After working in education with children of all ages for many years, Shaun turned his passion into his profession, and is now a freelance writer and photographer.
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About the Book
Ewan Pendle was weird. Really weird. At least, that's what everyone told him. Then again, being able to see monsters that no one else could wasn't exactly normal ...
Thinking he has been moved off to live with his eleventh foster family, Ewan is instead told he is a Lenitnes, one of an ancient race of peoples who can alone see the real 'Creatures' which inhabit the earth. He is taken in by Enola, the mysterious sword carrying Grand Master of Firedrake Lyceum, a labyrinth of halls and rooms in the middle of London where other children, just like Ewan, go to learn the ways of the Creatures.
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Keep reading for an excerpt:
Sleep was a restless affair for Ewan. The thought that he had to get up extra early and, therefore, had to fall asleep as quickly as possible in order to get a decent amount of shuteye, only kept him awake for longer. When Max’s snoring started, he didn’t think he would get any rest at all.
In the early hours of the morning, when sleep finally did come, it was anything but peaceful. Ewan was visited by dreams of wide open green fields with a singular white blurry figure set on the pristine horizon. Every time Ewan tried to get closer to the figure and see who, or indeed what, it was, it would only get blurrier until it finally disappeared altogether and turned into a wisp of smoke that then became a massive and monstrous pale cloud, dominating the sky above him.
‘Ewan … Ewan.’ Blown over by a mighty gust of wind, Ewan tumbled to the ground. A voice was demanding he get up and follow the cloud as it shot across the sky like a floating city.
‘Ewan – Pendle!’ Ewan woke suddenly to see a wide and shimmering head glaring down at him through the darkness. It was Moham. ‘On your feet,’ he said in the quietest voice Ewan had ever heard him utter. Although his voice was dim, it carried with it no less foreboding of what the result would be if its request was not immediately carried out.
‘Pain Yard – five minutes,’ said Moham, then turning and walking away.
Ewan dressed as quickly as he could and then tiptoed past all of the other snoozing cadets and out of the dormitory. A few smouldering embers in the gigantic fireplace puffed sympathetically as he crossed the darkened common room. The empty corridors of Firedrake were still asleep too, and Ewan did his best not to wake them as he tried to achieve a balance between speed and silence. He thought with a little shudder that right now Betony could have probably sneaked up on him and snapped his neck before he had even known that he was no longer alone.
As he stepped outside a few minutes later, the chill early morning air bit at Ewan’s face and neck like a million tiny flies, all of them trying to take the largest chunk or leave the most painful mark as they nibbled at his skin. Moham was standing in the centre of Pain Yard, curiously staring up at the peach coloured sky. Ewan approached him slowly, but the tall Master did not unclench the grip his singular visible dark eye had on the brightening sky until Ewan was close enough to touch him.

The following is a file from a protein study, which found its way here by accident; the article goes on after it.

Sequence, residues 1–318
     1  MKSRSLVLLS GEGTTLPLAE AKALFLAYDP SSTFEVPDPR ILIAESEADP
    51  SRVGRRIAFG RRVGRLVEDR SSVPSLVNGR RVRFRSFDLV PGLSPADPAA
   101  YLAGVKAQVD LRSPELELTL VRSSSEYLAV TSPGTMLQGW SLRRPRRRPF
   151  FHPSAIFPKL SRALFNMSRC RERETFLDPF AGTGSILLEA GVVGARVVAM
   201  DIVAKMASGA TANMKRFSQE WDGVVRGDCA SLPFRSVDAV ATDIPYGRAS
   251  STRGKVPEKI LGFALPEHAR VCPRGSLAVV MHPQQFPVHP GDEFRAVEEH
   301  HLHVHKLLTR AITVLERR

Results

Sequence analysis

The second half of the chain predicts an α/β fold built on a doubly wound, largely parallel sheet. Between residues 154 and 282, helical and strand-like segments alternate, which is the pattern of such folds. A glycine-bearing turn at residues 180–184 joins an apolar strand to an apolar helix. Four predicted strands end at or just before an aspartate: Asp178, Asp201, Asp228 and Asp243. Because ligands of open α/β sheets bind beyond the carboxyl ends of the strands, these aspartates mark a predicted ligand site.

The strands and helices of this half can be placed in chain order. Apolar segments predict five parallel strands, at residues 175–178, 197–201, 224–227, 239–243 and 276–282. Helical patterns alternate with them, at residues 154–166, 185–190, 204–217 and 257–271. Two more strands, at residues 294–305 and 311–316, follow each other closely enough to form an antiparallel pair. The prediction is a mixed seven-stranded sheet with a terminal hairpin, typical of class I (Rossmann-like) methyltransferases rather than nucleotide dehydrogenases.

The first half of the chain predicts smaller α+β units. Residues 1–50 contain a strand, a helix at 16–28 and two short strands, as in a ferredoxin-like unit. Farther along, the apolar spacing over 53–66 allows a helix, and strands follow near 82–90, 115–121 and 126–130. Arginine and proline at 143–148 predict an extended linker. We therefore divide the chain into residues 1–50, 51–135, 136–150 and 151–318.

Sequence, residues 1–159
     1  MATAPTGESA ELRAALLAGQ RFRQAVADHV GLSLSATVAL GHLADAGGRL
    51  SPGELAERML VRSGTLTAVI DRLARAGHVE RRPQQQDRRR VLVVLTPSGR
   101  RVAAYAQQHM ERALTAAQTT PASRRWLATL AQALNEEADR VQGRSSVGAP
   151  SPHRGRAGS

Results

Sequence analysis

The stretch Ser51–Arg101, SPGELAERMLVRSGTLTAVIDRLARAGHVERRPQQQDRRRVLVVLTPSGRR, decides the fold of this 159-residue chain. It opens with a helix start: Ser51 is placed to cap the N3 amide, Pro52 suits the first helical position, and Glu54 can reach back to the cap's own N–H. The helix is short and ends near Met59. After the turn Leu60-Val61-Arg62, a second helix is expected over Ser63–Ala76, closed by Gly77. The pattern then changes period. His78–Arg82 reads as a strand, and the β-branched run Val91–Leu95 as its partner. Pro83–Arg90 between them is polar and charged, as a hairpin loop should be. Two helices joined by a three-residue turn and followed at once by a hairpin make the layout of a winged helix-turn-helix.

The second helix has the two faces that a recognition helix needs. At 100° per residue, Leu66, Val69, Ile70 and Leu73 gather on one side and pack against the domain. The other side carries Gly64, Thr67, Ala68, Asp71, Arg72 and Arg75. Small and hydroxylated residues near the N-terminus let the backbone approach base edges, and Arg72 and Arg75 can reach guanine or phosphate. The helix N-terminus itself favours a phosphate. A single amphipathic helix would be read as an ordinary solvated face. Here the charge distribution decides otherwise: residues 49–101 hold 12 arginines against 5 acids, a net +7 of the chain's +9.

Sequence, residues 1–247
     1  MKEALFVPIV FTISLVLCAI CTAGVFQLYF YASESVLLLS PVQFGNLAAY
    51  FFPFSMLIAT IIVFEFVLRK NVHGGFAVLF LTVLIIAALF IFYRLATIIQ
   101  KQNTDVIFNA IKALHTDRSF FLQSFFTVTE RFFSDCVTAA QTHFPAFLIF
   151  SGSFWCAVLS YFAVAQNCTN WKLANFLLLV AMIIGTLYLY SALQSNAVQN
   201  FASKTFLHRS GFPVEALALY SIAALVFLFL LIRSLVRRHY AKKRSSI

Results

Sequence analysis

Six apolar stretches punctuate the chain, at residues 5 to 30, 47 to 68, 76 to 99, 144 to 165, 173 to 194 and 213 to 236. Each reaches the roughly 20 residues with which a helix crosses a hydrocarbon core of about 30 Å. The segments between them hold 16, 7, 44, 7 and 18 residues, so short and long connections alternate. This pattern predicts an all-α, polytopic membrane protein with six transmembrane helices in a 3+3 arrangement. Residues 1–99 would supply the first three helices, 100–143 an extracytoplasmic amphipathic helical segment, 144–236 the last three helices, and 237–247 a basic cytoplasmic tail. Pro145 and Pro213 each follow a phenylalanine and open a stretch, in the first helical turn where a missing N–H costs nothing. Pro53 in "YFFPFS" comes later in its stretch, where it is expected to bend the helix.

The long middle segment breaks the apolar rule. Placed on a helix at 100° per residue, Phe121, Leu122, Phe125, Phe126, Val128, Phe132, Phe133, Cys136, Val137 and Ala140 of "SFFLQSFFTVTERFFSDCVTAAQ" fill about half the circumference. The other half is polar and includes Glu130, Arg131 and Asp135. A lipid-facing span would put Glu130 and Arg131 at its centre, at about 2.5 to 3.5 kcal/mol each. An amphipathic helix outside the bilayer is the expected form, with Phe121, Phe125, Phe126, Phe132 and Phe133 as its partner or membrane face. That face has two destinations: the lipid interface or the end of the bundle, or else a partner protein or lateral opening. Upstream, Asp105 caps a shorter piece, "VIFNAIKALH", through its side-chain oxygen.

‘Laps,’ said Moham in a low voice. Ewan complied immediately.
As Ewan set out on his first lap of the long and wide rectangular Pain Yard, he bent his eyes towards the high walls of the Lyceum, there being nothing else but sand and Moham in the Yard itself to look at. For the first half a dozen floors or so, all four walls that frowned down onto the Yard were the same height. But after this the roofs were mismatched and the tiles and gutters chased each other up and down and in all directions.
Firedrake Lyceum was slowly waking, the tips of its highest flat glass eyes blinking and glinting in the sun.
Ewan knew that the widows in the boy’s Grade One dormitory looked down onto the Yard, but he had no idea that the girl’s did too. Casting a wistful look up in the direction of his bed and the beds of the other sleeping Grade One cadets, Ewan spotted someone waving to him from a long and thin window set into the honey coloured stone of the Lyceum, like a shiny welt on rough skin.
Ewan focused his sharp hazel eyes.
Mathilde was sitting on what must have been the wide inside sill of one of the windows of the girl’s dormitory. Still in her pyjamas and cross legged, she offered a vehement wave and a wide smile that Ewan couldn’t quite make out but was still sure was there. Suddenly the wind didn’t seem so fierce, the barked instructions from Moham for him to lift his knees didn’t thump against his eardrums so thickly, and Ewan picked up his pace.
For a whole hour Moham made Ewan run, and for that whole hour Mathilde sat and watched, offering another short wave every time he looked up. It was strange that the thought which came to Ewan so clearly now had only just arrived, because he had been through a lot already with Mathilde and Enid. But as he lifted his head back up for his regular once-every-five-minute look towards the high windows of the dormitories, something warm trickled down Ewan’s throat, settling itself in his stomach and welling up like a bowl being slowly filled with warm soup.
This, Ewan thought, must be what it feels like to have friends.